There isn’t much going on in the way of news, but I felt like writing something out and keeping momentum. We don’t have any appointments this week! I was telling Shannon that I both like that and feel anxious about it. It’s nice to get a little bit of a break, but I also want to keep things moving. We’ve just about maxed out what we can do at this point, though – the genetics appointment is next week, early intervention is probably tearing through all sorts of paperwork and getting our therapy team lined up, and our ENT doesn’t have much for us until Alex can get his MRI done in March.

Despite the lack of appointments, we’ve been busy working with Alex on the minor issues that the physical therapist identified – neck strength and favoring his right side. Shannon and I have been very diligent on giving Alex plenty of tummy time, which has paid off well. Only a week later and he’s clearly MUCH better at getting his neck up nice and high, even if he’s still a little bit wobbly. We’ve also done a lot of work to encourage Alex to move his head to the left. That typically involves putting him on his side a bit so that gravity helps to push his head to the left (especially when sleeping) and putting him on the floor such that whatever action is occurring (Taylor playing with toys, the TV, mommy / daddy) is to his left. This has also paid off. He may still be favoring his right side, but at the very least it’s less noticeable at this point. Shannon and I hope to keep at it and see how much improvement we can get out of Alex before his PT appointment. Shannon has done some great research on head bobbling, and she’s identified that as an area we’ll still want to work on. According to what she’s seen, most kids’ heads generally stop bobbling by four months, so we only have a few weeks to get Alex to that point. I think that overall, we’re making great progress with working on Alex to address the issues the physical therapist brought up. It’s nice to see results!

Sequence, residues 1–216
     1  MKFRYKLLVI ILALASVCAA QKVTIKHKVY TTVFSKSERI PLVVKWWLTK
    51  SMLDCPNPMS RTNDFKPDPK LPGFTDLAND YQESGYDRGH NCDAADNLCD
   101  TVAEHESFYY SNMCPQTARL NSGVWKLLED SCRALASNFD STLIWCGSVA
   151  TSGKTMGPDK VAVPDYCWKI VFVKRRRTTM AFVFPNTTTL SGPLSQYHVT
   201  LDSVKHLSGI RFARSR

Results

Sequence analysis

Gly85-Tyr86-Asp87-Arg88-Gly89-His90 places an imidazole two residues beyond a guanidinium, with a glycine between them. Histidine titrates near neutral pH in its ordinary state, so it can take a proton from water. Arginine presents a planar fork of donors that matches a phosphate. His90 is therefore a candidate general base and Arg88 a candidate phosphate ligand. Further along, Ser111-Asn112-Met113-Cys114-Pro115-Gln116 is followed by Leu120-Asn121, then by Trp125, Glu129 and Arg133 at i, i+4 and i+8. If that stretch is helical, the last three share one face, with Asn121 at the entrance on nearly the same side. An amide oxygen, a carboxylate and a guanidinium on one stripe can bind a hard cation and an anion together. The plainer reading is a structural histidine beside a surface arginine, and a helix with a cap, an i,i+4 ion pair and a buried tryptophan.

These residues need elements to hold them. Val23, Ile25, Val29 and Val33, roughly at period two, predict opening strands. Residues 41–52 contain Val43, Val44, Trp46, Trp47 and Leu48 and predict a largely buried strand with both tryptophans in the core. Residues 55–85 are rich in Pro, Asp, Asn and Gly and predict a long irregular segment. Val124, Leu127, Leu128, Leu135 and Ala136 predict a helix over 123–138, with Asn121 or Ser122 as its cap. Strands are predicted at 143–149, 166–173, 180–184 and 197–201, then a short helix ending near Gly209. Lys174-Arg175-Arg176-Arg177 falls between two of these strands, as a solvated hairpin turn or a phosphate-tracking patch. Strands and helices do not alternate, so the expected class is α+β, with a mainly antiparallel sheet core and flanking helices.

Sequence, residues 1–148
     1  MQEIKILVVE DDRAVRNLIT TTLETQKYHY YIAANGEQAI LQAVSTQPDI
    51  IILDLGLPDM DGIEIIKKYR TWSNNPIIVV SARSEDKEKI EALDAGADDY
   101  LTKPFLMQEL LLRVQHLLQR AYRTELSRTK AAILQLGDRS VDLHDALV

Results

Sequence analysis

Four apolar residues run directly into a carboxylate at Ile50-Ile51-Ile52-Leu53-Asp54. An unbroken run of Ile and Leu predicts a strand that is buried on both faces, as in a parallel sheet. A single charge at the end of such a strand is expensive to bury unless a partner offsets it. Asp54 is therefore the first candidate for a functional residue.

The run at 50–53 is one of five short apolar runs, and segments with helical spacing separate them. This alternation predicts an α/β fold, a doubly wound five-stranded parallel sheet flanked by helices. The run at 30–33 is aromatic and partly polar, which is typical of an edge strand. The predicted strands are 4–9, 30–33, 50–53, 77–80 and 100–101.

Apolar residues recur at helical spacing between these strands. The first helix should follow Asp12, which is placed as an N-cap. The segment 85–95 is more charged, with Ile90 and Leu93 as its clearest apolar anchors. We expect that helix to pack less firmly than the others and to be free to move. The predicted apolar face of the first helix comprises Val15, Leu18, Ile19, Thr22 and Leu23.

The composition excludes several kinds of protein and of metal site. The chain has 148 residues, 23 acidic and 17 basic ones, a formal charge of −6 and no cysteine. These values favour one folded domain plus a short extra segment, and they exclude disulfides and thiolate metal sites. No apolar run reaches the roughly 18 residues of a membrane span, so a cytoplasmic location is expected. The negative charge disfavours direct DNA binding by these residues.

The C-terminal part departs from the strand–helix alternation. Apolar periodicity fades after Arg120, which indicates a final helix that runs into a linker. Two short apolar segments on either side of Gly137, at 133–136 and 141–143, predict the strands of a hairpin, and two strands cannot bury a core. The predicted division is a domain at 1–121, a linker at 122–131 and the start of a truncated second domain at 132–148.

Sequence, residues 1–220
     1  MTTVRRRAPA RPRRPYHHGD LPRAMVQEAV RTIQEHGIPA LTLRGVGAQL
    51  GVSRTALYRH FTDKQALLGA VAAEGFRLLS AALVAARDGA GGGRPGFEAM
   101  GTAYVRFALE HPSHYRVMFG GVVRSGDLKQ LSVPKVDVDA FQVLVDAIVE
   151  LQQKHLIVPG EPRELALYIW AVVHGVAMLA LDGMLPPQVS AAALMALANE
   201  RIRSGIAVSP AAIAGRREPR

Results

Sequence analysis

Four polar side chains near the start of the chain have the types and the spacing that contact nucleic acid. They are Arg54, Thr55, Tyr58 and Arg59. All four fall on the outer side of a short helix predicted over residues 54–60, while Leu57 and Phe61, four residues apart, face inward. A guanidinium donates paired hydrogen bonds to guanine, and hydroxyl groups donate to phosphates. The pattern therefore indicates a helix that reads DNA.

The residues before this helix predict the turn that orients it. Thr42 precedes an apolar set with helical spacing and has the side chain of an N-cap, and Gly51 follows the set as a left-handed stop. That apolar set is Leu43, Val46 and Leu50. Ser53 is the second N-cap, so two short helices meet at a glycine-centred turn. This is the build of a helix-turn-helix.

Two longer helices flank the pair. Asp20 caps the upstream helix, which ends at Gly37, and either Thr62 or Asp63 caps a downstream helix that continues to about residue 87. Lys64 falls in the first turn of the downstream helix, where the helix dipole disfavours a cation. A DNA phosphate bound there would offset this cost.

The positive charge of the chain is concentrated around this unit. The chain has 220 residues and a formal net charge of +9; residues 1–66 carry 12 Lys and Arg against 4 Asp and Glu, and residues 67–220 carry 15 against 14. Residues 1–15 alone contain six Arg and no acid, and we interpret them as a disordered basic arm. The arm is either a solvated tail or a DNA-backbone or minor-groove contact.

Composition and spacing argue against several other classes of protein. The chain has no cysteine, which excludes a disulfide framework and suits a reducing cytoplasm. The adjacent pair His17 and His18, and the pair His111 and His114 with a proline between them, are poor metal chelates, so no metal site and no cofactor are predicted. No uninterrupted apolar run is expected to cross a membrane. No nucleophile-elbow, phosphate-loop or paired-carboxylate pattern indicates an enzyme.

A cool thing that I forgot to mention out of the audiology appointment we had last week was that part of the oral school’s “curriculum” includes a music class. I LOVED hearing about that. Shannon and I are both relatively musical people. Our favorite game of all time is probably Rock Band, we both like musicals, and we commonly have music playing in the background when we’re home. Taylor’s also quite the little singer.